Player death is not a gameplay element. It’s a design failure. I know this is heresy among gamers with fond memories of Rogue and similar games, and for modern gamers who soiled themselves with glee over Dark Souls, but it’s the truth.
This mechanic may work in some puzzle games, such as Limbo, which incorporated character death into a puzzle format and narrative structure that made sense. But that’s an exception. The problem is this: With an adventure, role-playing, or action game, the gamer becomes the character. He identifies with it. He’s developed it. And that’s the point of the game: Take one person, see him through various trials, gather what needs to be gathered (experience, weapons, objects), and then use that accumulated knowledge to win.
Note: This column was featured in the Holiday 2012 issue of the magazine.
It’s wonderful that even after 30-odd years as a gamer, there are still gaming moments that can surprise and delight me. Assassin’s Creed II (finally available for PC this month) absolutely knocked me cold within the first few minutes of the Florentine sequences.
It wasn’t the gameplay. Although the movement and combat are certainly strong (and a clear improvement over the original), we should expect that. It’s 2010: We’ve had so many quality exemplars of stealth and fighting systems that a developer has no excuse not to do it right.
It wasn’t the premise, which is dumber than a contestant on Conveyer Belt of Love. All the memories of all my ancestors are encoded in my DNA? Really? Right there between eye color and height is a base pair of nucleotides recording my 24th great-granduncle’s encounter with a hooker on January 24, 1472? And Veronica Mars is capable of extracting that memory and feeding it back into my brain as a simulation? That’s your premise?
The older I get, the more I appreciate elegance, simplicity, and concision in game design. Sure, there are still times I want a game that piles on the detail like a rococo basilica. It’s possible to just fall into a giant hunk of gaming like Hearts of Iron III or Fallout 3 and roll around like a pig in… well, you know.
But a game that takes the most appealing bits and distills them to their essence has a powerful draw. This is what’s so wonderful about Torchlight, which boils the Diablo experience down to its essentials and skims off all the fat. This is a brisk and entertaining bit of action RPG, with a light touch and a set of simple game mechanics that conceal hidden depths.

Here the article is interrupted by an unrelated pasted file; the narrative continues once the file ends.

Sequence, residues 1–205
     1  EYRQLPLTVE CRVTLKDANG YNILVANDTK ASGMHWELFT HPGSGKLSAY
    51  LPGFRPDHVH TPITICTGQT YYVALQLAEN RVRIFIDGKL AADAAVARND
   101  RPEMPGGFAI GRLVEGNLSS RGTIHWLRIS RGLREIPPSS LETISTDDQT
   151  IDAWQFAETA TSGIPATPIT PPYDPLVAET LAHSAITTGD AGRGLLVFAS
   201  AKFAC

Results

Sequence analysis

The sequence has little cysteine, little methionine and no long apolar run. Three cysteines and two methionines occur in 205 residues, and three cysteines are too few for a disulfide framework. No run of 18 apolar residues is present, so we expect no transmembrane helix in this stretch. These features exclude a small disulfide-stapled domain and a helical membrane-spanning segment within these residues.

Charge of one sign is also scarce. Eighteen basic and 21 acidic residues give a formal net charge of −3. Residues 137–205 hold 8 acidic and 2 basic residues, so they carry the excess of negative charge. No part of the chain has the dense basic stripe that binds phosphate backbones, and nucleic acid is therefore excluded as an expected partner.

For a $20 title, the skill of the design is almost shocking, at least until you check the credits. Designer Travis Baldee gave us the strikingly similar Fate series, and codesigners Max and Erich Schaefer gave us… Diablo.
Do you want to know how long I’ve been doing this? So damn long that I covered the original Monkey Island games. Friends, back in my day, we had only two colors (black and not-black—and black’s not even a color!), and we liked it!
Actually, it kind of sucked, and one of the pleasures of covering games throughout the 1990s was watching sound and image improve to the point that spectacular graphics barely warrant a mention. If you can’t make a game look and sound good in 2009, you really should be making something other than games. Burgers, perhaps.
It’s illuminating to be able to play something you remember fondly from ye olde days, only with the ability to hotkey back and forth between the old game and a shiny new version. The Secret of Monkey Island: Special Edition is a gorgeous hand-painted version of the original game, with a slightly “improved” interface. This has been laid right on top of the old game, and the most fascinating thing is the ability to hotkey 19 years into the past with each new screen.
Facebook is the answer to a question no one asked: “How can I waste more of my time?” Compared to social network gaming, however, Facebook itself is as useful an invention as the cell phone.
Actually, I do like Facebook. I’ve used it to reconnect with dozens of people I used to know. Two of them are even people I like. A year after I first joined Facebook for the sole purpose of sharing pictures of a new puppy, I find myself updating my status, making comments, and listing things like the “Five TV Characters I Wish Were Real So We Could Hang.” (Dr. McCoy, Emma Peel, Hurley Reyes, Simon Templar, and Gomez Addams: another answer to a question no one ever asked sober or outside of a college dorm.)